Can Serrat / Day 1
I decided to put all new works aside and develop the musical that brought me to Can Serrat in the first place: Mi Boca.
It is Spanish for “My Mouth.” 2 years ago when I wrote this in advanced playwrighting, I named it Housewarming because I thought my biggest fear was moving to a new house. Traveling to my 3rd country, I’ve realized that location is not the case. I love to get lost and found again. My biggest fear was and has always been languages: learning the new ones, losing the old ones. I often imagine what that fear was like for my Ma, who moved to America from Panama when she was nine in the 70s. She switches from English to Spanish, to Patwa and all the mixtures in between like an American symphony. She sounds the most like home. She is the first one I called when I landed in Spain.
Everyone I befriended on this trip had something to say about language:
Checking in at the Atlanta International Airport
A YOUNG AMERICAN PILOT: Cantonese is a difficult language to learn. It’s tonal — You can say the same word 7 different ways and it means completely different things… I went to see a comedian while I was in Hong Kong, he had this joke where he would say “gou” over and over again, but in different tones. The crowd was cracking up, but I had no idea what he was saying… Anyway, I was really fortunate that the primary language in Hong Kong is English.”
Getting on my connection from Toronto
AN AMERICAN MOM: After college, I moved to a small town in Canada where they only. Spoke. French. It was the greatest time of my life because I learn the language the way anyone should: with the locals. When I learned their language, I could live their life — Oh right now? I’m going to the south of France for the week with some girlfriends. Are you wearing an R2-D2 sweater right now? Man, you’re so cool. Good luck with your residency!”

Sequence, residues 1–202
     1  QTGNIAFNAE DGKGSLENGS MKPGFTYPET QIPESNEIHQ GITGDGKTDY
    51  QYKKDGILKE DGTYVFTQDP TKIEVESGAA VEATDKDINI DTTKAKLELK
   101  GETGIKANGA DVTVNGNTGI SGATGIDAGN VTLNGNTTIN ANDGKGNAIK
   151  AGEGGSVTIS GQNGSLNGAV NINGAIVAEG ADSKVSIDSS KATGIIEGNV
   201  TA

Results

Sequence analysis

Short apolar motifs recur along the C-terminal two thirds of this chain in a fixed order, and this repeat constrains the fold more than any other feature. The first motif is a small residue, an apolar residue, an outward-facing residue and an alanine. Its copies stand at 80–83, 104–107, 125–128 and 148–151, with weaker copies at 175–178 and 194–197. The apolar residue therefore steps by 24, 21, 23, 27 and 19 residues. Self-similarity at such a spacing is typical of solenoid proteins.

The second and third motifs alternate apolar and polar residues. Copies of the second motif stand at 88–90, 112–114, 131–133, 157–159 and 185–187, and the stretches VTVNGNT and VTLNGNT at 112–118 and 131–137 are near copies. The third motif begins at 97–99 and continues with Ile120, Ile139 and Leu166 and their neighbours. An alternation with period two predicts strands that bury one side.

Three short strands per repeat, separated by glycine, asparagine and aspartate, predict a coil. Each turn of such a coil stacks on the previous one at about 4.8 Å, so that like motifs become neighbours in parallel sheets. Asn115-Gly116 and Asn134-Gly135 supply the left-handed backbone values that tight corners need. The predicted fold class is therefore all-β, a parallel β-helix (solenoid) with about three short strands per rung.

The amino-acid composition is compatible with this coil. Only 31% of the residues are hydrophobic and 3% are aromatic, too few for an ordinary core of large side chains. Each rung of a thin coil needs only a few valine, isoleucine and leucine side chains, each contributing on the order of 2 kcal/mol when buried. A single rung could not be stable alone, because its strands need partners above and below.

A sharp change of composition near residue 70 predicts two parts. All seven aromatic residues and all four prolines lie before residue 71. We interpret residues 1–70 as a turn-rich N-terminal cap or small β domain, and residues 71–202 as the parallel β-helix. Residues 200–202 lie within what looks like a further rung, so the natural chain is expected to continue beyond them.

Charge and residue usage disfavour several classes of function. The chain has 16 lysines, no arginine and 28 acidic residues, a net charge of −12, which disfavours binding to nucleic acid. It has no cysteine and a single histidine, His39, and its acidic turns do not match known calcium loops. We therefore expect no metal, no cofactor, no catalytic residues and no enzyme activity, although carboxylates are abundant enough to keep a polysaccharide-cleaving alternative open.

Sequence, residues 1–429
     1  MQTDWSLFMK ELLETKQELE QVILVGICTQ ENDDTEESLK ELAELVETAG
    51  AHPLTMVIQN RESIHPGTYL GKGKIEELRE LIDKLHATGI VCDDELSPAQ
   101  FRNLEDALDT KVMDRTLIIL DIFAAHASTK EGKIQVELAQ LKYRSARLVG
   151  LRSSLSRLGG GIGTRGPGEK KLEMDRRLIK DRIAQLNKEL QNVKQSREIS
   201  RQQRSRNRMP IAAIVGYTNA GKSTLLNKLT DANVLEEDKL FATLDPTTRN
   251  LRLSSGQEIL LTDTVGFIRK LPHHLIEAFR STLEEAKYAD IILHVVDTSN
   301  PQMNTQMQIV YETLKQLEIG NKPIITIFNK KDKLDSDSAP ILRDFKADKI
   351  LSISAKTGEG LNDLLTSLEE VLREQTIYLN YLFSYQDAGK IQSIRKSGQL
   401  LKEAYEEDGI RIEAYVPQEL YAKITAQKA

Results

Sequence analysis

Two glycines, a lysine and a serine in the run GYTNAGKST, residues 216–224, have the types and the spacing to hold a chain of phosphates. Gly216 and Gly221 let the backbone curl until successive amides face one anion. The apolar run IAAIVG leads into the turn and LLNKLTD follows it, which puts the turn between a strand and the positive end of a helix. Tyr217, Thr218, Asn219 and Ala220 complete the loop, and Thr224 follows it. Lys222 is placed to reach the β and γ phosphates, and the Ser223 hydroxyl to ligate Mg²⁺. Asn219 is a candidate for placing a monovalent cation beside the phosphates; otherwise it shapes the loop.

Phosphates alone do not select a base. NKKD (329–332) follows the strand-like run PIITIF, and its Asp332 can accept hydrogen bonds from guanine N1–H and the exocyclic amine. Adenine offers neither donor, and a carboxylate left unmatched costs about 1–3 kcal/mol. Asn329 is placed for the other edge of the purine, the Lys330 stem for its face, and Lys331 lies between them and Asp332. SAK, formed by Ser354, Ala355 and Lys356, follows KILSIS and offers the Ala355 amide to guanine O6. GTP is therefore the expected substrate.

Watching Son of Patricia on Netflix
TREVOR NOAH: South Africans speak English. Americans speak American.
Standing in the Metro to Maria Cristina with a retired Texan couple:
WIFE: You know, Spanish is just as much an American language as English is… with how unique your family is, you may be the most American out of all of us.
HUSBAND: Don’t worry about [learning] Spanish. It’ll work itself out.
Sitting on the bus to Can Serrat
A SPANISH USER EXPERIENCE PROFESSOR: I took this eh… exam to certify in Catalan. The exam was for 5 hours… I wanted to know my language better than anyone because I have so much pride for my country. I am sure you feel the same when you write — Americans always say that it is difficult to learn [new languages]. It’s simply not true. I think, the best thing to do is be patient with yourself. Give it time.”
We were in the middle of talking about American immigration and Cataluña independence when we stopped in El Bruc, a small town; my favorite kind of town.
I walked into Can Serrat, an old Spanish mansion with artists from Singapore, United Kingdom, Norway, Cataluña, and Pennsylvania. The diversity in this community is so special, so vast, as is the talent. Can you imagine what the conversations are like? I’d show you if I wasn’t so jet lagged. In a nutshell, if all the residents were the cast of RENT, I would be Mark Cohen, particularly in this scene:
Like Cohen does in New York, I want to embrace Spain just as tight as I have learned to embrace myself. I want Mi Boca to be the most authentic self-portrait of my upbringing. I am so grateful to be in such a warm-hearted country, where I can reflect on the voices who created mine.